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Minister keen on Garifuna culture retrieval

Minister keen on  Garifuna culture retrieval
Minister of Tourism, Civil Aviation, Sustainable Development and Culture Carlos James

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A lot more needs to be done to support the retrieval, propagation and preservation of St. Vincent and the Grenadines’ (SVG) history and culture.

For instance, says Minister of Culture Carlos James, “it occurred to me that we can recount the French and American revolutions but know so little about the local Kalinago wars, the vanguard of our fight for sovereignty.

“We have acquired an appreciation for Samuel Adams and Paul Revere and Churchill, but seldom appreciate the role of Duvalle and Jean-Baptiste, Chatoyer’s brilliant generals.  

“We glorify Rosa Parks, but are less flattered by Bertha Mutt, also known as Mother Selassie, a Vincentian working-class champion of a woman and an epic symbol of protest against Colonial rule,” James said at the annual March 14 wreath laying ceremony.

“We can eloquently quote Shakespeare and Voltaire but scarcely recite literature from the iconic Ellsworth Shake Keane and Owen Campbell.

“And maybe we can name UNESCO’s seven wonders of the world but are not aware that the Garifuna culture, indigenous to St Vincent and the Grenadines, was declared in 2001 as a masterpiece of the intangible heritage of humanity by the same UNESCO,” James commented.  

The minister of culture was delivering an address at the National Heroes Day Wreath Laying Ceremony at the Obelisk in Dorsetshire Hill, held every year to commemorate our lone national hero paramount Chief Joseph Chatoyer.

In his address called, “Appreciating our identity, preserving our heritage with pride”, James pointed to the importance of Vincentians to keep a spirit of nationalism and pride grounded in Chatoyer’s heroism, even after they leave the Obelisk.

“In direct relation to today’s celebration, we celebrate a Garifuna as our first and only national hero to date, yet many of us are still not familiar with the language of the Garifuna.

“This morning we heard the national anthem being sung in Garifuna, perhaps it should remain a staple as part of our national activities here in St. Vincent and the Grenadines,” he said, adding that there are paradoxes that we have to address in conversations surrounding the preservation of our heritage and national identity.

“Our people endured the most gruesome crimes against humanity through slavery and native genocide. Our indigenous people were hunted and killed in cold blood. Those who survived were exiled. Yet at the end of the Trans-Atlantic Slave Trade, the traders were heavily compensated to the tune of over four billion Eastern Caribbean Dollars (in today’s value), this is why our call for reparatory justice remains relevant,” James stressed.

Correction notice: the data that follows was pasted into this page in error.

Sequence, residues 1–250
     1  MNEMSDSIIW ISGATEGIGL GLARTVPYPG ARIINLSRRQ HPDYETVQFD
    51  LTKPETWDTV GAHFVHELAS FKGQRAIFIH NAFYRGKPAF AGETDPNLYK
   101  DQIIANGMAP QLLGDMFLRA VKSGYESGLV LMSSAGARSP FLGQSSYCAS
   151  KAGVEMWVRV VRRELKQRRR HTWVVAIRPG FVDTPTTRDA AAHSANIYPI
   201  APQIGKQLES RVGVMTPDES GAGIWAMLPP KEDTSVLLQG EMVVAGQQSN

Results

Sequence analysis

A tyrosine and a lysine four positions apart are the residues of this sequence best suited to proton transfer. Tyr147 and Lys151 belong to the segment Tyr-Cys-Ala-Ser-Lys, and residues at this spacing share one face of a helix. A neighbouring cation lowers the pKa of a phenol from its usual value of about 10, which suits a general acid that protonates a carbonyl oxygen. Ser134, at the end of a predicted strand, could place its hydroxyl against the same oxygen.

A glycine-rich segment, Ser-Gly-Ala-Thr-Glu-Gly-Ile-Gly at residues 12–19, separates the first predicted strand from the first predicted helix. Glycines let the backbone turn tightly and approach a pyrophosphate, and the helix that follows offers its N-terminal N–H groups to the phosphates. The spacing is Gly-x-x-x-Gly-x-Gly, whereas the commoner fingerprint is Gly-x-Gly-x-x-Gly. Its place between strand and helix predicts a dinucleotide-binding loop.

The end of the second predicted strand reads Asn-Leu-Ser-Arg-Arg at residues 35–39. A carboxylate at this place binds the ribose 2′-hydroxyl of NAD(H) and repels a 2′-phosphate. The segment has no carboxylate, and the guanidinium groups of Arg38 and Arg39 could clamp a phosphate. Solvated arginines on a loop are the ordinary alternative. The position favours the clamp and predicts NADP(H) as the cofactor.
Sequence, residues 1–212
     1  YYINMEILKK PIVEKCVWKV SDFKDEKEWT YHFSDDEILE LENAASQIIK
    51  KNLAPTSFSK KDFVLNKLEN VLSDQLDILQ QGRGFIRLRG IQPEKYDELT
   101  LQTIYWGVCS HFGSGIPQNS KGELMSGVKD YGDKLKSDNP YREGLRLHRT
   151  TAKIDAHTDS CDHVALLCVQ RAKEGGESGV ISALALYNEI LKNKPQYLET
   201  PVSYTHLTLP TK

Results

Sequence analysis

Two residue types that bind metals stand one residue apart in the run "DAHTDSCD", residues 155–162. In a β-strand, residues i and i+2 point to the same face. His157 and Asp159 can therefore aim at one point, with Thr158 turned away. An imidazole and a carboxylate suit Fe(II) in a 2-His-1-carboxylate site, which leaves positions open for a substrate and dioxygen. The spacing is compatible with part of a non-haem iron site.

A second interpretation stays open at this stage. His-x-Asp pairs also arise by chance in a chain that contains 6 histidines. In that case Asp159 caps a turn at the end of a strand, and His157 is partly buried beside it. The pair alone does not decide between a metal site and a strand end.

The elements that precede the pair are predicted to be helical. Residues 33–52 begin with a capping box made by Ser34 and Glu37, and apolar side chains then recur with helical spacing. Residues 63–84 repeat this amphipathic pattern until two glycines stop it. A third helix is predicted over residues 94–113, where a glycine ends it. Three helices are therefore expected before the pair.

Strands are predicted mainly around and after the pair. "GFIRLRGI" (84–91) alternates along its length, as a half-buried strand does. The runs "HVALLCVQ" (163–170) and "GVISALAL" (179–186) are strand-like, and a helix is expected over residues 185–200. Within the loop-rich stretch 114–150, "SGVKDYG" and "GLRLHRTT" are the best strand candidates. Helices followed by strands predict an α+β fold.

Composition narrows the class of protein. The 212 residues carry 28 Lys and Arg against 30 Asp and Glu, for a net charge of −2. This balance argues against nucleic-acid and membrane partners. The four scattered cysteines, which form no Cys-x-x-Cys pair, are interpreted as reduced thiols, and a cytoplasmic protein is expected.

He noted that recently, Ralycia Andrews, a young Vincentian student at the University of the West Indies (UWI) spoke during the eighth International Garifuna Conference which was hosted virtually this year.

Andrews and one of her professors presented a paper on, “Balliceaux as sacred land: Sustaining memory and Garifuna ancestry through Diasporic tourism”.

James noted that in Andrews’s presentation, she was critical of, “our less than enthusiastic attitude towards local history and indigenous cultural sustainability. 

“With passion she asked, ‘what happens when we forget the heart beats of our drums? What happens when we forget the rhythm of our feet as we dance Punta and Paranda?  What happens when we shout Ayeh and no one returns the call? What happens when our culture is being dwindled before our eyes? Are we willing to be innovative and take the next step to solidify our origins and longevity of our culture?’”

In response, James said we must move swiftly to streamline Garifuna material and other local history into our schools and applaud teachers who have been finding creative ways to do so over the years.

He noted also that we have to continue our support of The Garifuna Heritage Foundation and their Garifuna Research Centre while we connect with Garifuna communities in the Diaspora on projects such as Vincy Homecoming to facilitate cultural retrieval.

James revealed that this year, the government will commit significant resources towards the on-going work to further develop the Chatoyer National Park.

He noted also that they are committed to commissioning researching and producing more literature on the history of SVG.

“The Ministry of Education will continue to work closely with the Garifuna Heritage Foundation to establish the framework for the formal introduction of the teaching of the Garifuna in schools.

“We call on our historians and creatives as custodians of our cultural heritage to broaden the scope of their creative space to reach a much more social and technologically adaptive audience,” James said.

The Minister of Culture also praised the organizers of the event by noting that it was satisfying that the only musical accompaniment was drumming by the Resistance Heartbeat Drummers.

“The sound of those drums once drowned in oppression is resurrected here today and they echo more powerfully than any gun salute.

“…it is my wish that our history and culture so brutally and systemically suppressed can be retrieved like these pulsating drums, and be dispensed and consumed so sufficiently that we are nourished with a more profound sense of self,” James said.